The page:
Bennett, Martin


Martin J. Bennett teaches American history at Santa Rosa Junior College, serves as Co-Chair of the Living Wage Coalition of Sonoma County, and is a Research and Policy Analyst for UNITE HERE Local 2850.

Martin Luther King and the Struggle for Economic Justice

By Martin J. Bennett

Commemorations on the Martin Luther King holiday tend to portray a moderate civil rights leader who aimed to end segregation and racial discrimination by nonviolent direct action.

Often forgotten is his lifelong belief that a "radical restructuring of the architecture of American society" was needed, and that the fight for racial equality and the struggle for economic justice are intertwined.

As University of Washington historian Michael Honey demonstrates in his book All Labor Has Dignity, for King, race and class were inseparable and only a mass interracial movement of poor and working people could achieve inclusion and full citizenship for all.

The March on Washington: 1963 and 2013

By Martin Bennett and Fred Glass

Fifty years ago, on August 28, 1963, the nation witnessed the largest march in its history. The March on Washington for Jobs and Freedom lives on in popular memory as the moment when Dr. Martin Luther King delivered his iconic “I Had A Dream” speech and called for racial integration and reconciliation in America. Most Americans today point to the emergence of a substantial black middle class and the election of the first African American President as evidence of our progress towards that goal.

AB 10: Time is Ripe for California to Raise the Minimum Wage

By Martin J. Bennett

The New York Times recently characterized the economic recovery that officially began in 2009 as a "golden era for corporate profits." Indeed, corporate profits doubled between 2008 and 2011 and reached a record high.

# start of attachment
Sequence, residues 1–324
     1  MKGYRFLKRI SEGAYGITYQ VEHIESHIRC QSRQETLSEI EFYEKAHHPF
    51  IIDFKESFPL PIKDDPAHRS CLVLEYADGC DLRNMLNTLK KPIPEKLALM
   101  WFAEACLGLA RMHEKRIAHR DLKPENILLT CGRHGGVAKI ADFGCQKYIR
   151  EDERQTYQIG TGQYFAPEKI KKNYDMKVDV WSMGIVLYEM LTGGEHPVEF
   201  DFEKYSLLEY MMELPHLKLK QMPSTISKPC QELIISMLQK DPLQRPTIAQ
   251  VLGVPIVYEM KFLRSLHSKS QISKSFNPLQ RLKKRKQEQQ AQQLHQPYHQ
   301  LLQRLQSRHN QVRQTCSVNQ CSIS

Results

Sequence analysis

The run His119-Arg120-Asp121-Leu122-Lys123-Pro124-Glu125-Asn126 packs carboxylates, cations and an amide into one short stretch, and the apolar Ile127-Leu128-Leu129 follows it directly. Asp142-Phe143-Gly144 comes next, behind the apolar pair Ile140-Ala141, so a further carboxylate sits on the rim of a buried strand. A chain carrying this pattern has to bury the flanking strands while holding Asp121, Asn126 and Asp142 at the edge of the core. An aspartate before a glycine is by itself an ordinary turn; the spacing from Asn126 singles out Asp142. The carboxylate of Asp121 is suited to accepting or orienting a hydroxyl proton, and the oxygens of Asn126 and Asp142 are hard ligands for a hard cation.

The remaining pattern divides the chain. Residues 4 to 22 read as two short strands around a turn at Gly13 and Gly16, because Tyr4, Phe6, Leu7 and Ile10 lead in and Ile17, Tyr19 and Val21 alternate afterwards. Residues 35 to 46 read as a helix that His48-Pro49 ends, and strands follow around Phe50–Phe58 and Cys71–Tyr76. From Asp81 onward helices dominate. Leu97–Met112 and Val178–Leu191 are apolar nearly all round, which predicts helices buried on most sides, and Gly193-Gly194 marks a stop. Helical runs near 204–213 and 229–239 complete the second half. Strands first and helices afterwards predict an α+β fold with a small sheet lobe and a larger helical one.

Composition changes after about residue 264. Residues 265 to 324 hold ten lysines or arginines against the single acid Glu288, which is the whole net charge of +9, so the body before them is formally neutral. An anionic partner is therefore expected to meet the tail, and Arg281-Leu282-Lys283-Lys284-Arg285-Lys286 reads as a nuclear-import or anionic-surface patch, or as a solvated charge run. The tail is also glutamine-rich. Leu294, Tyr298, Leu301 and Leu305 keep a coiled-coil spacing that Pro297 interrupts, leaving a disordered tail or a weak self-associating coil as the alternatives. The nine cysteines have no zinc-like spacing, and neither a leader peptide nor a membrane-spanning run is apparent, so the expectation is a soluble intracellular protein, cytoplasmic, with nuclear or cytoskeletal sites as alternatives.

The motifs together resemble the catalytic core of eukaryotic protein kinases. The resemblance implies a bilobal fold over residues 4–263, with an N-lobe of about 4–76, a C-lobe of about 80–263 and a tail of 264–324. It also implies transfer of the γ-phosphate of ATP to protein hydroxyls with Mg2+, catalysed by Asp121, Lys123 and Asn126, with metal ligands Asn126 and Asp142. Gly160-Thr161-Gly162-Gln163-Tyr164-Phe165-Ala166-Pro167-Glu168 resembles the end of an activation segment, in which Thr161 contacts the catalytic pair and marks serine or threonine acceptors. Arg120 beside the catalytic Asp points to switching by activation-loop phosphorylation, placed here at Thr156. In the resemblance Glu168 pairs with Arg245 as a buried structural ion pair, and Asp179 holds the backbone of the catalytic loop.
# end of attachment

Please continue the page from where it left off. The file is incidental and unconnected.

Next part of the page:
However, these increased profits have fueled inequality and come at the expense of worker compensation. Profits are now a larger share of total national income, and wages and benefits are a smaller share than at any time since the 1960s.

Over the last four decades productivity gains have overwhelmingly accrued to business and not labor. The Economic Policy Institute calculates that between 1973-2011 productivity increased by 80 percent, but median hourly compensation by only 11 percent.

Prop 30: A Step Toward Fairer Taxation

By Martin J. Bennett

With the fall elections upon us, Californians are reeling under a weak recovery, enduring both historic levels of income inequality, and the most severe fiscal crisis in recent history. To address the crisis we must have some common sense remedies: raise taxes on the wealthy and build a movement for a fair and more equitable tax system.

Income inequality has exploded over the last two decades in both the nation and California. UC Berkeley economist Emmanuel Saez has documented that the share of national income received by the upper 1 percent more than doubled from 9 percent in 1979 to an astonishing 23 percent in 2007. The richest 1 percent raked in a staggering 60 percent of the national income gains over these three decades, while the bottom 90 percent received just 9 percent.

The Jobs Crisis and A New New Deal for America

By Martin Bennett and Richard Walker